Kathleen Loock teaches American Studies and Media Studies at the University of Hannover. She writes about remakes, sequels, reboots and seriality. Her recent publications include Just When You Thought It Was Safe … : The Jaws Sequels, On the Realist Aesthetics of Digital De-Aging in Contemporary Hollywood Cinema and Reboot, Requel, Legacyquel: Jurassic World and the Nostalgia Franchise. Loock’s video essay “Reproductive Futurism and the Politics of the Sequel” can be found at Media Commons.
Greg Carlson: How did you get interested in movies?
Kathleen Loock: I was born and grew up in East Germany. I was nine when the Berlin Wall came down. So, the typical American formative experience with film was not like mine. As far back as I can remember, I enjoyed movies. But I really started watching them seriously in my late teens and early 20s.
When I finished high school, I became an au pair for a year in Northbrook, Illinois. That’s when I started to go to the cinema regularly. I also got to know Blockbuster very well at that time.
GC: Was that your first visit to the United States?
KL: Yes. I applied for a scholarship to be an exchange student when I was 15 and didn’t get it. So, when I came a few years later, I went to the movies every week. Purchased a ticket for one show and then just stayed for the next movie and the movie after that.
GC: I can relate.
KL: It was also the first time I tried salty popcorn. That was not a thing in Germany. Unified Germany did have popcorn, but it was always sweet. Unsweetened popcorn was not introduced until much later, and there are still places where you can’t get salty popcorn. It took me some time to get used to butter and salt on popcorn, but I love it now.
GC: Do you remember the first movie you saw in the United States?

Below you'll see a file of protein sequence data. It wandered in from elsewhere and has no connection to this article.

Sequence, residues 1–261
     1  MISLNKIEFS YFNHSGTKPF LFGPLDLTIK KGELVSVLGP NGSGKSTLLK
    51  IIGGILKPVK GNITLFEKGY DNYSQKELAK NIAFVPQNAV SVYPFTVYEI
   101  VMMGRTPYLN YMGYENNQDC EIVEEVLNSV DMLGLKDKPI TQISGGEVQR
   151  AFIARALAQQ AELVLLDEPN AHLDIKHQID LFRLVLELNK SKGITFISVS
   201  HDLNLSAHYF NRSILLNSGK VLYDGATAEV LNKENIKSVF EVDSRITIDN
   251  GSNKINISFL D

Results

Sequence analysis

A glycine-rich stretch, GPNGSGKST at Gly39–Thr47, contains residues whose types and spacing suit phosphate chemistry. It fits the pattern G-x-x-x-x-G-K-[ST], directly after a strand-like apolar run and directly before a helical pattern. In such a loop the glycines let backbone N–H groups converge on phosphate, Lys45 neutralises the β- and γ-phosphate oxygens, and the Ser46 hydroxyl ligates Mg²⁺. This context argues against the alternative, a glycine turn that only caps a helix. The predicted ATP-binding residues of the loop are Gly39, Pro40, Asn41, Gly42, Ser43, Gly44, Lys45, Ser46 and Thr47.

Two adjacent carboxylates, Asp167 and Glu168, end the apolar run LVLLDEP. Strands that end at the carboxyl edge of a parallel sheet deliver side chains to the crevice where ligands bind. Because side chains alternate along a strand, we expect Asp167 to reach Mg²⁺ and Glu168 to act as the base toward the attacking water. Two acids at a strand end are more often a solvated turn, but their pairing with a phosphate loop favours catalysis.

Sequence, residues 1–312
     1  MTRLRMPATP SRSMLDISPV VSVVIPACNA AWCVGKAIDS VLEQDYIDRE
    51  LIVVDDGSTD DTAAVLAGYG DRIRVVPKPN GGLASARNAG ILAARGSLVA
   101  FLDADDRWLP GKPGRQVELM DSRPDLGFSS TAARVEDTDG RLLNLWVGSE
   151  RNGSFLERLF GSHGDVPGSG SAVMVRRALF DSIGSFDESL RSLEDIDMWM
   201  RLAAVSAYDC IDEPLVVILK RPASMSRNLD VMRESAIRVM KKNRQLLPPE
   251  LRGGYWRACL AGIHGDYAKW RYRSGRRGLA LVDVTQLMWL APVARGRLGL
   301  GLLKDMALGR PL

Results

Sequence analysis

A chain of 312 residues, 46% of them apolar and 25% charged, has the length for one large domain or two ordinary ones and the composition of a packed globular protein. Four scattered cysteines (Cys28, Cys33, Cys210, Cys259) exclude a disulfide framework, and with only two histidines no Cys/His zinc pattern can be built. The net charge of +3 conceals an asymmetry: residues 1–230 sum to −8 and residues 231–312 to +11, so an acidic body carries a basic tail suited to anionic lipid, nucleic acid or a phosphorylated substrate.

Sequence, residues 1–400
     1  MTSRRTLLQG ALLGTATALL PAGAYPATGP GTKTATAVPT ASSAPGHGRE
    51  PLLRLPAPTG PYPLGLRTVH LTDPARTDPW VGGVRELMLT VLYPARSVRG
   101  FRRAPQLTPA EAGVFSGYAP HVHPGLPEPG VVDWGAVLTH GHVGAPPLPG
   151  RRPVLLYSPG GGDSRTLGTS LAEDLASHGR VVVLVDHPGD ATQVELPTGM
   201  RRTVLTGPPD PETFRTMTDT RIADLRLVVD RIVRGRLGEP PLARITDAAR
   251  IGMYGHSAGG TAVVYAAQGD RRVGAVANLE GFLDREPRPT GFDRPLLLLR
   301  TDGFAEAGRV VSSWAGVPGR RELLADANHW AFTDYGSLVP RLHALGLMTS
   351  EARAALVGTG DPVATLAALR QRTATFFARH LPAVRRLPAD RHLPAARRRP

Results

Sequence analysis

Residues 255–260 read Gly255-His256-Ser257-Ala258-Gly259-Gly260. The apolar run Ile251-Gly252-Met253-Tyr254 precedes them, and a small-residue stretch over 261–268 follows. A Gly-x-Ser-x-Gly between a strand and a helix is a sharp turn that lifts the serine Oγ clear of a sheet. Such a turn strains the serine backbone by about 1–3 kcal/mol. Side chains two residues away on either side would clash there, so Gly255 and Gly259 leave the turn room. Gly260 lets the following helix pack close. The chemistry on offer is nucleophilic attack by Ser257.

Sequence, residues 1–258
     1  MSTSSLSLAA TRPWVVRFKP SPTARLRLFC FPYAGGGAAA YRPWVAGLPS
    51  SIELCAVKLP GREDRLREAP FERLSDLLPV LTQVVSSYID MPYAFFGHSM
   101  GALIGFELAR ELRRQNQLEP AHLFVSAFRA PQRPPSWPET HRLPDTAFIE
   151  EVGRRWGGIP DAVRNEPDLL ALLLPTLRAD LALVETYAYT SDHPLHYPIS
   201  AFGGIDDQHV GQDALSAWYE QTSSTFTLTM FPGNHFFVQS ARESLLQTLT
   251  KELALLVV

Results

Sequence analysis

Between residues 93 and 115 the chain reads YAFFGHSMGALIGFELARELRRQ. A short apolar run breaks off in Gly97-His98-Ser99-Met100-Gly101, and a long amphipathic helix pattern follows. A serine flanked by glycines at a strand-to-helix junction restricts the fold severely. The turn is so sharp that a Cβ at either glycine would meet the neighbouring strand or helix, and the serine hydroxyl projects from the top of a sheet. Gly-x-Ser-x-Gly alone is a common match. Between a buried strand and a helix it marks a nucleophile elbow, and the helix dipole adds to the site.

KL: I don’t, but I do remember this: I came in 1999 and had an orientation in New York. People were standing in line to watch Run Lola Run. I thought, “Americans are lined up to see a German movie?”
GC: I loved Run Lola Run so much that I went to see it on Friday. And then I went back to see it again on Saturday. And then one more time on Sunday.
KL: I never see a movie more than once in the cinema. But this phenomenon is part of what I study. Multiple viewings in the theatre is, of course, how films establish popularity.
GC: What movie makes you think of your time in America?
KL: 200 Cigarettes. It left an impression on me and I haven’t seen it — or found it — since. I have looked for it from time to time with no luck. Another thing that struck me was how certain cable channels would repeat a movie multiple times a day or through a week. You turn on the TV and there it is. Titanic was on all the time. I always managed to turn it on when the ship was already sinking.
GC: Did your family have a VCR?
KL: My sister and I recorded movies on videotape. Often things we wanted to see that were going to be on too late for us to watch on a school night. Lots of horror.
GC: What were some of your taped treasures?
KL: Some of them scared me and my sister so much we didn’t look at horror for a long time. The 1990 version of Stephen King’s It and the 1989 version of Pet Sematary were two big ones. These were dubbed into German — the only way movies were shown on television at that time.
My parents got rid of that old VCR just a few weeks ago and many of our cassettes didn’t survive. I think It and Pet Sematary had been copied over a long time ago. I’ve been working on a video essay about It. When the remake came out, I was scared just watching the trailer. All the memories came back. Certain scenes were really present in my mind so I got the Blu-ray of the 1990 It and realized that my memories were just of the first 10 minutes. After that, I had fast-forwarded to skip some of the scary parts.
GC: How did sequels, remakes and series become the focus of your research?
KL: My dissertation was on Christopher Columbus, so I was already working with ideas of memory and repetition. I had taught a class on science fiction film around the time The Invasion came out. I got interested in the idea of film remakes because of that. Don Siegel’s 1956 Invasion of the Body Snatchers was followed by the 1978 Philip Kaufman version and Abel Ferrara’s 1993 Body Snatchers.